Denis Glennon believes that Westmeath now have the mentality to beat Dublin
County look to Paralympian Mark Rohan for inspiration in Leinster SFC clash
Denis Glennon: a survivor from the side that beat Dublin in 2004, he says this year’s league campaign has brought on Westmeath. Photograph: Lorraine O’Sullivan/Inpho
Westmeath will require more than a slingshot at Croke Park on Saturday night. Dublin cast a long shadow in winning the National League, new manager Jim Gavin adding impressive layers to the outright victory in terms of introducing fresh-faced personnel and playing patterns.
Promotion from Division Two – they lost the final to Derry – underlines Westmeath’s bona fides, which they will present this weekend. The campaign was good for morale, injecting confidence, but it must survive a rigorous examination this weekend.
Teams in every sport explore lateral thinking in the pursuit of an edge. Westmeath are no different. Denis Glennon, one of the survivors from the side that beat Dublin in 2004, explained that the county team has invited double gold medal winner at the 2012 Paralympics Mark Rohan to speak to the players.
“Mark’s been involved the last two weeks particularly, and the passion he’s bringing there – you can see the drive on him. He knows what it takes to be successful, and he’s trying to influence everyone including the older players to get the attitude right; that we shouldn’t fear anyone and that we need to have a serious belief that we can beat these boys and go out and perform to the best our ability on the day.
“And if that’s not good enough, it’s not good enough – but if it is, we could win the game. You see how successful he is on a national stage.But when you hear someone like that speaking, you’re obviously going to listen. It’s mental more so than anything. We have a very good physical coach, but it’s the mentality (of winning). He tries to instil in us that 80 per cent is mental and 20 per cent is just the physical aspect of the game.
“And you saw a good example at the weekend where Tipperary probably didn’t believe they could beat Kerry, they were steamrolled off the field. So we can’t go out with that attitude that we’re going to be steamrolled off the field; we have to have an attitude that we can actually beat Dublin, as daunting as it is. And I think if we do have that attitude, we mightn’t be too far away.”
“It’s a far more open pitch and they have a bigger crowd there supporting them, so it is very daunting. But at the same time it’s a challenge that we look forward to, and I suppose it’s one of the reasons we do play Gaelic football.”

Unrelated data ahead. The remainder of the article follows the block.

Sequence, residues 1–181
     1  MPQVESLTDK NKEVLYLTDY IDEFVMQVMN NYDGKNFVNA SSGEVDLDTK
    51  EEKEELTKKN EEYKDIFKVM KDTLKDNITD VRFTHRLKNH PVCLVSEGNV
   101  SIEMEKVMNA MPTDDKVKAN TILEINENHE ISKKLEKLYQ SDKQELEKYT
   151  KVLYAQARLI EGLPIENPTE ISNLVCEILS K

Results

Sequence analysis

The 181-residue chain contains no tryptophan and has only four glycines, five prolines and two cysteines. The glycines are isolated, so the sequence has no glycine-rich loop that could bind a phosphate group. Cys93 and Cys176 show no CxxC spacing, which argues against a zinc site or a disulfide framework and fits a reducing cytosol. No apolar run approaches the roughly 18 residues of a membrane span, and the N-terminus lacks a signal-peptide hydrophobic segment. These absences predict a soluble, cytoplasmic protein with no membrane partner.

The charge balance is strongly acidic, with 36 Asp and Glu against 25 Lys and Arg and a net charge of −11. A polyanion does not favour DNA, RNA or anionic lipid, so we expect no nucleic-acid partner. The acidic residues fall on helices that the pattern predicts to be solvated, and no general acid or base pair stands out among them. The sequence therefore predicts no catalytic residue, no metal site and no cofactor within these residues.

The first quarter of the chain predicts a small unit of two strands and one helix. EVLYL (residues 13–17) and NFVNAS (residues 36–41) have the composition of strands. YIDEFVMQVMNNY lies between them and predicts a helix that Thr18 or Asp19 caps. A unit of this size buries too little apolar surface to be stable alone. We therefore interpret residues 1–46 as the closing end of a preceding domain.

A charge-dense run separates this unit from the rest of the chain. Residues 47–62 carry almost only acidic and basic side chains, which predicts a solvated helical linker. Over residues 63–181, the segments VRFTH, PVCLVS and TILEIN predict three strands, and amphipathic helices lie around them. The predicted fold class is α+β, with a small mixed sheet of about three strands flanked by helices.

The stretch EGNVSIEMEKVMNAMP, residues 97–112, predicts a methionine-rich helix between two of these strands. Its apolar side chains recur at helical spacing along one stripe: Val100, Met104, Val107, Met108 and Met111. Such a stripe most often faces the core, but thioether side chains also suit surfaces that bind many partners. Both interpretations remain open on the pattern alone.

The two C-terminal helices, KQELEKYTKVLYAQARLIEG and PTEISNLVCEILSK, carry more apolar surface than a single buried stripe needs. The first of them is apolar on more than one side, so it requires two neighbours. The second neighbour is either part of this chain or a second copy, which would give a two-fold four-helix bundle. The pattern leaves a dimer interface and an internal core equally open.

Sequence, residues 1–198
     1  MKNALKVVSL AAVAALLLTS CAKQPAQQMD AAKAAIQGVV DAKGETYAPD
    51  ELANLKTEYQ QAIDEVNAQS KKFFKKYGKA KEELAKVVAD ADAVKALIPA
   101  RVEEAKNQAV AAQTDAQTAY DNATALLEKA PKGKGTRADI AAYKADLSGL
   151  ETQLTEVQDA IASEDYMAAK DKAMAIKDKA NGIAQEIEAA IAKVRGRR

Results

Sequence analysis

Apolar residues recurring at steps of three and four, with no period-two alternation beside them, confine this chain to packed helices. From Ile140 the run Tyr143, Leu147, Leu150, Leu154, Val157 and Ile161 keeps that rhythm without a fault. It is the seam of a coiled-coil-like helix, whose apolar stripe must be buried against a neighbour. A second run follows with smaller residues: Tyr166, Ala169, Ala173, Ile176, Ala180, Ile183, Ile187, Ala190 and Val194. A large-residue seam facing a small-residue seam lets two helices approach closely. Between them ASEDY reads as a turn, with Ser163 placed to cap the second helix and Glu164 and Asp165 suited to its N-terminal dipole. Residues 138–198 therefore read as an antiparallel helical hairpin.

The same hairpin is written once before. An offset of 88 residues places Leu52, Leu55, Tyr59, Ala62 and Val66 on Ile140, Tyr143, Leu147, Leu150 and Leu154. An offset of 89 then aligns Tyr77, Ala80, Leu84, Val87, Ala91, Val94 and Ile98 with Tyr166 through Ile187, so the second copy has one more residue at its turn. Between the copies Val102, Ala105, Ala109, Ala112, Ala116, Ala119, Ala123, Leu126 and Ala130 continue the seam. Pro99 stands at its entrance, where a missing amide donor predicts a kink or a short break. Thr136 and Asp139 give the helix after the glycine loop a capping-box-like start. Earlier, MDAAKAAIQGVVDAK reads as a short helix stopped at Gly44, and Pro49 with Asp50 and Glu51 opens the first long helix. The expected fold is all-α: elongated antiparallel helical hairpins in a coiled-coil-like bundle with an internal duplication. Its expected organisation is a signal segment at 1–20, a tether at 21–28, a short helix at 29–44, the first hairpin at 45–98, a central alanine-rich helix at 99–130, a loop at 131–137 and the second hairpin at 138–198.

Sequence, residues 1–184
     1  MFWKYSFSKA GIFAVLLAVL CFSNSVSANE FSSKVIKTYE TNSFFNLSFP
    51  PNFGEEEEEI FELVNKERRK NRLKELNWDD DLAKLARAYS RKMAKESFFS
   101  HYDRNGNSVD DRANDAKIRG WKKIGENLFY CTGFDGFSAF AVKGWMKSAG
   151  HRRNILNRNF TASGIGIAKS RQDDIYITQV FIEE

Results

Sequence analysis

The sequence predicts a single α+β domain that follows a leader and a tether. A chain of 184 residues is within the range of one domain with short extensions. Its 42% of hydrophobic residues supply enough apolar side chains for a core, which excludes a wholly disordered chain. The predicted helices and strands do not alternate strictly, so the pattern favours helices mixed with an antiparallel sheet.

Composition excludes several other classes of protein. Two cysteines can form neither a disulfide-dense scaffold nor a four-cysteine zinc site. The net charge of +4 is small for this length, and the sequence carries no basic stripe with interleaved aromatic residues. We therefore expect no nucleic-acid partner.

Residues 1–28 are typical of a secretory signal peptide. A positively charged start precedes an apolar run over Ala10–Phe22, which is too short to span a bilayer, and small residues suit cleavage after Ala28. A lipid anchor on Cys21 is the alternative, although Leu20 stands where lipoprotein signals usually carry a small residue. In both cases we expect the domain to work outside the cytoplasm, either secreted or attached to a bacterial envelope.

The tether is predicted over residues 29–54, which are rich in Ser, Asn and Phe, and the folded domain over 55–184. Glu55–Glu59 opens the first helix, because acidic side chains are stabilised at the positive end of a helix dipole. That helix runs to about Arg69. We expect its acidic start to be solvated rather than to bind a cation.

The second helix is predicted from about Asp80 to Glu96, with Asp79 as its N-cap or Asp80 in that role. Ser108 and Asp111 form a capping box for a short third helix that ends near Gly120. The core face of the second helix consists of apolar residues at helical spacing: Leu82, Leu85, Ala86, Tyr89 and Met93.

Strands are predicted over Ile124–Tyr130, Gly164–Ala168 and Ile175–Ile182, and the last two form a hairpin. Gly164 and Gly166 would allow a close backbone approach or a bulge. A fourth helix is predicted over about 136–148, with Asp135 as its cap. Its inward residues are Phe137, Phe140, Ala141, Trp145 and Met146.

Glennon believes that there is a spirit, borne out by results in the league that emphasises the progress they have made this year compared with recent seasons. “There’s a huge difference. I suppose the biggest thing is belief. There’s a serious belief in the team that we can actually win games, whereas the last couple of seasons you could say we’ve been going into games and we weren’t sure what the outcome was going to be.
“We were missing players through colleges and this, that and the other. But I think this year we’ve had everyone from get-go. We’ve worked hard, we’ve built on every game and when we started getting the wins, we started to get the belief and I think that’s the biggest difference this year.”
Glennon is unequivocal about the advantage that the Dubs enjoy in playing the majority of their matches at Croke Park.
“They’ve played six or seven games there already. We’ve only played the league final here. And I’ve often said, if we got them outside of Croke Park, we’d beat them. And I know the last couple of times we did play them outside, we beat them.
“But it’s a different kettle of fish when you’re playing them out there. It’s a far more open pitch and they have a bigger crowd there supporting them, so it is very daunting. But at the same time it’s a challenge that we look forward to, and I suppose it’s one of the reasons we do play Gaelic football – to play out in front of 60-odd or 40-odd thousand people.
“It is a huge advantage (for Dublin). They know that pitch like we do Cusack Park, like the back of our hand. Where to shoot from, where not to shoot from, and that is a huge advantage. As well as that, kicking into the Hill can be daunting, especially for younger players. They don’t know what to expect and it’s nerve-wracking.”
So can Westmeath beat Dublin? “Yes, I think we can. For the simple reason, it goes back to the mentality, if I tell you we can’t then we won’t. We have to go in with a positive attitude. There’s no refuting that Dublin are, if not the best team in the country, they’re definitely a top three team whereas we would be considered probably top 15 if we’re lucky.
“At the same time it’s 15 against 15 and once you go out onto that field you’re against 15 players. You’re not against the county of Dublin, you’re against 15 players.
“You have to believe that if you can win your individual battle on the day and you have to have faith in the rest of your team that they can win their individual battle that anything is possible.”